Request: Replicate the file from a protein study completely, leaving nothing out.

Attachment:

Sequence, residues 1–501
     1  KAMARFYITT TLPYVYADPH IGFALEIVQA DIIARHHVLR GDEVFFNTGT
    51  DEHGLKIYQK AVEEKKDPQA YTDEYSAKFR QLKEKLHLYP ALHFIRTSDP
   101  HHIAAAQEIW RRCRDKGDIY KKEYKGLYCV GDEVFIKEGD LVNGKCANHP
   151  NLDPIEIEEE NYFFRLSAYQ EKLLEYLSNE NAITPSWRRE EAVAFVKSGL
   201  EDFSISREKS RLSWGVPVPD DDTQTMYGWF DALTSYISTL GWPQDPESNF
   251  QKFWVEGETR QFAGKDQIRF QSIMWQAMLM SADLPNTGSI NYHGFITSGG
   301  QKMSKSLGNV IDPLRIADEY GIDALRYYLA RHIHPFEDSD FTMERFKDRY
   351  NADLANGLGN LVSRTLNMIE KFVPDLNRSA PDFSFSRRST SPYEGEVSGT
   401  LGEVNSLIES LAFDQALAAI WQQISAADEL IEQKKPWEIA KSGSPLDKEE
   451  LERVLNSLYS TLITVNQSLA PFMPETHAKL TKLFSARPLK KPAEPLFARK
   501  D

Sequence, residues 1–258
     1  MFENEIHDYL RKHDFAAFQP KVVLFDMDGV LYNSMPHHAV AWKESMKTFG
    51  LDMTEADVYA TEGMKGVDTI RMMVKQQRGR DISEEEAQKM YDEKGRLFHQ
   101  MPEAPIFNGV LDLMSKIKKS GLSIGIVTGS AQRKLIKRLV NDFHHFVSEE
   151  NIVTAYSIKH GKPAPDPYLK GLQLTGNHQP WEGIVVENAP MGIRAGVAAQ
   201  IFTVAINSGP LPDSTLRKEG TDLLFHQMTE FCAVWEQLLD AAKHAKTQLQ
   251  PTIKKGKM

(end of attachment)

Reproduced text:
Sequence, residues 1–501
     1  KAMARFYITT TLPYVYADPH IGFALEIVQA DIIARHHVLR GDEVFFNTGT
    51  DEHGLKIYQK AVEEKKDPQA YTDEYSAKFR QLKEKLHLYP ALHFIRTSDP
   101  HHIAAAQEIW RRCRDKGDIY KKEYKGLYCV GDEVFIKEGD LVNGKCANHP
   151  NLDPIEIEEE NYFFRLSAYQ EKLLEYLSNE NAITPSWRRE EAVAFVKSGL
   201  EDFSISREKS RLSWGVPVPD DDTQTMYGWF DALTSYISTL GWPQDPESNF
   251  QKFWVEGETR QFAGKDQIRF QSIMWQAMLM SADLPNTGSI NYHGFITSGG
   301  QKMSKSLGNV IDPLRIADEY GIDALRYYLA RHIHPFEDSD FTMERFKDRY
   351  NADLANGLGN LVSRTLNMIE KFVPDLNRSA PDFSFSRRST SPYEGEVSGT
   401  LGEVNSLIES LAFDQALAAI WQQISAADEL IEQKKPWEIA KSGSPLDKEE
   451  LERVLNSLYS TLITVNQSLA PFMPETHAKL TKLFSARPLK KPAEPLFARK
   501  D

Sequence, residues 1–258
     1  MFENEIHDYL RKHDFAAFQP KVVLFDMDGV LYNSMPHHAV AWKESMKTFG
    51  LDMTEADVYA TEGMKGVDTI RMMVKQQRGR DISEEEAQKM YDEKGRLFHQ
   101  MPEAPIFNGV LDLMSKIKKS GLSIGIVTGS AQRKLIKRLV NDFHHFVSEE
   151  NIVTAYSIKH GKPAPDPYLK GLQLTGNHQP WEGIVVENAP MGIRAGVAAQ
   201  IFTVAINSGP LPDSTLRKEG TDLLFHQMTE FCAVWEQLLD AAKHAKTQLQ
   251  PTIKKGKM